October 11, 2012

Inside Insurance: Maintenance prevents home water problems

We are now in “Kitchen and Bath Month.” That may sound like a promotion to remodel, but it’s actually an opportunity to share important information with the public, encouraging property owners to take time to inspect their interior plumbing to identify potential problems and do preventive maintenance.

The Insurance Institute for Business and Home Safety (IBHS) warns that water damage in a kitchen or bathroom can lead to expensive repairs. Small leaks become big problems if necessary repairs are overlooked or ignored. Renters can check for these problems and notify the landlord if any are discovered.

Plumbing problems can lead to increased monthly water bills, banging pipes, rust stains, moisture in the walls or on floors and sign of wet soil erosion near the foundation. Also, avoid winter frozen pipe issues by setting your thermostat at 60 degrees or higher and letting faucets drip during cold weather. A house leak detection system can also help.

A plumbing supply system failure averages about $5,000 after the insurance deductible is paid, according to an IBHS study. Toilet failures cost more than $5,500 per incident, and one-third of all toilet failures result from an overflowing or clogged toilet. You should inspect your toilet twice a year, checking the fill, supply and flush valves as well as the supply line.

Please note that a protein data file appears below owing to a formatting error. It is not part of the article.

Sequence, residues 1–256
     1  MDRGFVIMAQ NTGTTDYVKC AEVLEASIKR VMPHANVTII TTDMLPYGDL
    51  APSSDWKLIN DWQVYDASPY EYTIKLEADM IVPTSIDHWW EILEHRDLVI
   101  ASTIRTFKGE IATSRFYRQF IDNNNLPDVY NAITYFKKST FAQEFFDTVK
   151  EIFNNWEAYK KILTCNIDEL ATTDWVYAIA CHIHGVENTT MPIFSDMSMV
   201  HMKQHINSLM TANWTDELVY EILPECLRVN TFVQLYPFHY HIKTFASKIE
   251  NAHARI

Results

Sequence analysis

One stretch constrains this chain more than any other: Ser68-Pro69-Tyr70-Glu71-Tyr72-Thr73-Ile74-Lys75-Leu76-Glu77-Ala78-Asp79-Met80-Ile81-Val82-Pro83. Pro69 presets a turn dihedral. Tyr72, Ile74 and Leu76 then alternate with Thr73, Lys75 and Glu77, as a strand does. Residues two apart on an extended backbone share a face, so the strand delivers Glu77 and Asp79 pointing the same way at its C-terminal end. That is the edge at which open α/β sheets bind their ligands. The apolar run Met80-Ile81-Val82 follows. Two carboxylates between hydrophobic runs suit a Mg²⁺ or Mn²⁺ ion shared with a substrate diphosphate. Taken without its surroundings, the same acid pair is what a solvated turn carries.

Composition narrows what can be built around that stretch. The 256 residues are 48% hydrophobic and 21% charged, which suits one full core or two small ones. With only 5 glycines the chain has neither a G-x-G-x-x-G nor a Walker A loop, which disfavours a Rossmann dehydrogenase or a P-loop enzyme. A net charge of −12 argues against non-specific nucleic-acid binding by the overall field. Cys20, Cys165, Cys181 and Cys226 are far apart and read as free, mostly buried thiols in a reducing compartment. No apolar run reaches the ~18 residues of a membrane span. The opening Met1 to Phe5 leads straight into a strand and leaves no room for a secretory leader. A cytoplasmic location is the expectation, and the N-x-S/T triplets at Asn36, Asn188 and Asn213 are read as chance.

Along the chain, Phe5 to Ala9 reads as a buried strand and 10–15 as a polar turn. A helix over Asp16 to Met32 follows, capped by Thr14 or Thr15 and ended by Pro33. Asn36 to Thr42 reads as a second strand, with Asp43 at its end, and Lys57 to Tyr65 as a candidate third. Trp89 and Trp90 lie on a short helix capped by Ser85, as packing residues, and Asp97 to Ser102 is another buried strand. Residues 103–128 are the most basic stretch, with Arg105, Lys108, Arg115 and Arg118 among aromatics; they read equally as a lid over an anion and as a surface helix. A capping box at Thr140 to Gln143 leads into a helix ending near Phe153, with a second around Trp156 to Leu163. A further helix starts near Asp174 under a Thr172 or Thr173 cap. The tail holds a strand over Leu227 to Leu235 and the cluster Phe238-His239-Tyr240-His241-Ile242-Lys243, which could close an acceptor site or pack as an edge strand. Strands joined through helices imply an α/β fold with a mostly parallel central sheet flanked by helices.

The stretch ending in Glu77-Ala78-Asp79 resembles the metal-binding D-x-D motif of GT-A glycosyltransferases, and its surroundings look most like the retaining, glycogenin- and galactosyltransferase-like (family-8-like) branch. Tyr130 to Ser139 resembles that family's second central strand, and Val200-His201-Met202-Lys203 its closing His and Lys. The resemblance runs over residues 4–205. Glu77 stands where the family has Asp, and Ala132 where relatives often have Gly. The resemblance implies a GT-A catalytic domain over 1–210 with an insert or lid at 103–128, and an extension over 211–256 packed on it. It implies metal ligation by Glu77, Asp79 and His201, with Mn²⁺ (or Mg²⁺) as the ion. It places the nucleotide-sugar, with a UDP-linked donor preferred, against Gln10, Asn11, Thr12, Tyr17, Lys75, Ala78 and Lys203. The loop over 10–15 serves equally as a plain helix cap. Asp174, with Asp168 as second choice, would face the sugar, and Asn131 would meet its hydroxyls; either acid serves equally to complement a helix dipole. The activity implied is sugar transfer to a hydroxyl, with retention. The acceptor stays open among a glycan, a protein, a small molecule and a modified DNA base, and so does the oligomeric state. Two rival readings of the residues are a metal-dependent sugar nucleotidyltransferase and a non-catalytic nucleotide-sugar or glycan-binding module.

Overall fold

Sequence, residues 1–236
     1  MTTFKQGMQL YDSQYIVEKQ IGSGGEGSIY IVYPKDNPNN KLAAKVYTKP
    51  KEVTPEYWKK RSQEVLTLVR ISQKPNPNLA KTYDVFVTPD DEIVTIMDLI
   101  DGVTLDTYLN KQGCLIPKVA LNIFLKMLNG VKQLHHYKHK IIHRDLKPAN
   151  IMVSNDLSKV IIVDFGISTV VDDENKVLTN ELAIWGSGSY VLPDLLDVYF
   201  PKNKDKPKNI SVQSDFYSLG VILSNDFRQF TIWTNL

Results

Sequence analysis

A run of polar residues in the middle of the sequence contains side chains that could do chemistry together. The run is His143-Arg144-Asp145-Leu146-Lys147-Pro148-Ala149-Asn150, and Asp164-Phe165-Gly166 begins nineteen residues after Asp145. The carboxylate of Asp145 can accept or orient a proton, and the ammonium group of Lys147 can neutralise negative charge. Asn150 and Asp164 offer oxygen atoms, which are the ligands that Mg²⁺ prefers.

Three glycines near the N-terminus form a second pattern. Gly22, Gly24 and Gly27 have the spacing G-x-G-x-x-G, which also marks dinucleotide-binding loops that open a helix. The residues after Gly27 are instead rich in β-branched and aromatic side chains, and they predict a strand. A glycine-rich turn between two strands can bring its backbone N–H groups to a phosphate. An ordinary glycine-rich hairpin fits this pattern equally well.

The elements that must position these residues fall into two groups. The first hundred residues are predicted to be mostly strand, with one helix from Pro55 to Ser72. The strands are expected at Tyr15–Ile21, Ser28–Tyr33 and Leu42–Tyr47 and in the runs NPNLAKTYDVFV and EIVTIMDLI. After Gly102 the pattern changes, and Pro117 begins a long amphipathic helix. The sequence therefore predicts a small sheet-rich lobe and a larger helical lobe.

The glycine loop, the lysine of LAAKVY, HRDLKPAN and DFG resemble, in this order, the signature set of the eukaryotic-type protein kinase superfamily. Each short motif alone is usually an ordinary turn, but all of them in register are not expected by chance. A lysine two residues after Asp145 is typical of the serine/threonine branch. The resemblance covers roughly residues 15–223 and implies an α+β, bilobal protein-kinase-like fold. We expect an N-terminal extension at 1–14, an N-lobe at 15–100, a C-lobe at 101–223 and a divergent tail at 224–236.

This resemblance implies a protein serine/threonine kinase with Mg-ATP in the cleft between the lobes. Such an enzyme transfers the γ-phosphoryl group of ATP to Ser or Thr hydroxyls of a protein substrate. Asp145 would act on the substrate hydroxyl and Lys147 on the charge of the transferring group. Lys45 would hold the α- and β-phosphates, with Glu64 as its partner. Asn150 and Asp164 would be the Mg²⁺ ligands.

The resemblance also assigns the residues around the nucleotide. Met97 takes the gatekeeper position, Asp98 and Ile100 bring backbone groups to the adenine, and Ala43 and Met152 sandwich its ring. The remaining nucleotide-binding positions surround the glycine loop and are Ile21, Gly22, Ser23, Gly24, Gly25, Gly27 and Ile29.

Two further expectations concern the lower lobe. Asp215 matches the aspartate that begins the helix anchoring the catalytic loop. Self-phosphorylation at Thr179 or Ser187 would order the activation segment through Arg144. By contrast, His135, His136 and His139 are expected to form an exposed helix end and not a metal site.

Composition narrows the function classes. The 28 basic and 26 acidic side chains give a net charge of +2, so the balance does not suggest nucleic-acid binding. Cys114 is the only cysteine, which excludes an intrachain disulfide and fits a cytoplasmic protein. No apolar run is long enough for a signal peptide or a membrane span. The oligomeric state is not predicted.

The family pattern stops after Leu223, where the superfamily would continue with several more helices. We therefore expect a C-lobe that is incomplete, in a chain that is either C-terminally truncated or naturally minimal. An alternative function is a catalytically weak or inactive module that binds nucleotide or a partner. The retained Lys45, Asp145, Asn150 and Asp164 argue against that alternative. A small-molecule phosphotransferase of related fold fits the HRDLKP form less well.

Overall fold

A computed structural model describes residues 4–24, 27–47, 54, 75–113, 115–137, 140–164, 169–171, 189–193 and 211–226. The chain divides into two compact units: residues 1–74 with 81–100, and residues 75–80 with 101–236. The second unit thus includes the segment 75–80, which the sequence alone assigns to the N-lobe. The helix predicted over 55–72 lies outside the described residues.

Another common problem is water heater failure, which can be caused by a slow leak, sudden burst of the tank or a supply line failure. Inspect valves to ensure proper operations and use ball valves in place of gate valves whenever possible. Know the age of the water heater, life expectancy and warranty.

The plumbing drain system failure can also be a problem. IBHS reports plumbing system failures are often the result of sewer backups. Southern states seem to have the most problems, and the cost of repair averages $4,000 per incident after the deductible is paid.

A backflow prevention assembly is recommended for older homes on municipal sewer systems below street level. Also, do not plant trees near lateral drain lines to reduce the possibility of root damage.

A major problem can result from a washing machine failure and the ensuing water damage. Rubber hoses should be replaced every three years, and consider upgrading to braided steel hoses. Also, when leaving the home on trips, turn off the hot and cold water supply to the washer.

Finally, do not try to cut corners by overloading your machine. It is also best to wash when someone is at home.

Notice that many of these costly actions will be paid for by your homeowner’s insurance only after you have paid your deductible. It is best to check your policy or check with your insurer to make sure you understand your coverage and know how much your deductible will be.


David Colmans is executive director of the Georgia Insurance Information Service. Contact him at (770) 565-3806 or by email at

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